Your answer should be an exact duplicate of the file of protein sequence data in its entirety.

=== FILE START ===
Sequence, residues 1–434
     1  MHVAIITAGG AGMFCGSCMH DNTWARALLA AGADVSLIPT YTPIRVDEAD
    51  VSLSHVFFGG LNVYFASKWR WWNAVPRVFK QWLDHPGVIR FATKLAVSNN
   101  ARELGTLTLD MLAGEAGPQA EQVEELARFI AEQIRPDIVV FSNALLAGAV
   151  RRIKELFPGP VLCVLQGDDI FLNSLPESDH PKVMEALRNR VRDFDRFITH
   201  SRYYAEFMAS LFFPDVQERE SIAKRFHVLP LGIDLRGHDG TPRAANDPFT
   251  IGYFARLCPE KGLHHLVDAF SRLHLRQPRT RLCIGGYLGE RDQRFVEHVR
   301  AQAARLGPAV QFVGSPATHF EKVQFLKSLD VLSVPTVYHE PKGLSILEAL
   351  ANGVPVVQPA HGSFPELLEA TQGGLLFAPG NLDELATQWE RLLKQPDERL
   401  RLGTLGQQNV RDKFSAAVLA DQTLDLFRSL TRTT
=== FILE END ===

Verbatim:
Sequence, residues 1–434
     1  MHVAIITAGG AGMFCGSCMH DNTWARALLA AGADVSLIPT YTPIRVDEAD
    51  VSLSHVFFGG LNVYFASKWR WWNAVPRVFK QWLDHPGVIR FATKLAVSNN
   101  ARELGTLTLD MLAGEAGPQA EQVEELARFI AEQIRPDIVV FSNALLAGAV
   151  RRIKELFPGP VLCVLQGDDI FLNSLPESDH PKVMEALRNR VRDFDRFITH
   201  SRYYAEFMAS LFFPDVQERE SIAKRFHVLP LGIDLRGHDG TPRAANDPFT
   251  IGYFARLCPE KGLHHLVDAF SRLHLRQPRT RLCIGGYLGE RDQRFVEHVR
   301  AQAARLGPAV QFVGSPATHF EKVQFLKSLD VLSVPTVYHE PKGLSILEAL
   351  ANGVPVVQPA HGSFPELLEA TQGGLLFAPG NLDELATQWE RLLKQPDERL
   401  RLGTLGQQNV RDKFSAAVLA DQTLDLFRSL TRTT